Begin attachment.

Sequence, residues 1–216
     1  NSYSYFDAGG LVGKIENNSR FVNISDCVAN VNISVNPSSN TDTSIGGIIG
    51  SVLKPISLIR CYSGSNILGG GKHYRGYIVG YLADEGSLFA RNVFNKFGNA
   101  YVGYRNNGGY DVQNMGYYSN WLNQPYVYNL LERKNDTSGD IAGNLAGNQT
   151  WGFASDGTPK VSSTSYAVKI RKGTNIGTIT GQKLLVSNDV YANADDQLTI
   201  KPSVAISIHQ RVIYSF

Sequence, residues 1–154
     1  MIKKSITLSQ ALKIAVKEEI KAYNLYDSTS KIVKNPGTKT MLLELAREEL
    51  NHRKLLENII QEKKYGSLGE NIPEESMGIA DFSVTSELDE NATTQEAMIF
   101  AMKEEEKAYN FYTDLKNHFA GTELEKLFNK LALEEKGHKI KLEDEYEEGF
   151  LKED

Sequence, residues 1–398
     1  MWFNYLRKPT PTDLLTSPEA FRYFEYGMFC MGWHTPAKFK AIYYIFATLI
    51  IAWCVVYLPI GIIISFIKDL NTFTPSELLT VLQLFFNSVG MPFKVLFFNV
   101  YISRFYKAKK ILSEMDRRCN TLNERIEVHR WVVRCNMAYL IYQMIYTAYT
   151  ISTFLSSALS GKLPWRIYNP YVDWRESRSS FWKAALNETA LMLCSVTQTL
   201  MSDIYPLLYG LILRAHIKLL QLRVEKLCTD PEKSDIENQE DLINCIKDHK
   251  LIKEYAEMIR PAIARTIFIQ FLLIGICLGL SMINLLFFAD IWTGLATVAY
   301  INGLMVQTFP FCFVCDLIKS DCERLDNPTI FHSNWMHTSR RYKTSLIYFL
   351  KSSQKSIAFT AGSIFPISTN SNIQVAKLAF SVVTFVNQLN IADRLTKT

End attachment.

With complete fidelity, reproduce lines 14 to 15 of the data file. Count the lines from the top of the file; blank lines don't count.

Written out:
    51  IAWCVVYLPI GIIISFIKDL NTFTPSELLT VLQLFFNSVG MPFKVLFFNV
   101  YISRFYKAKK ILSEMDRRCN TLNERIEVHR WVVRCNMAYL IYQMIYTAYT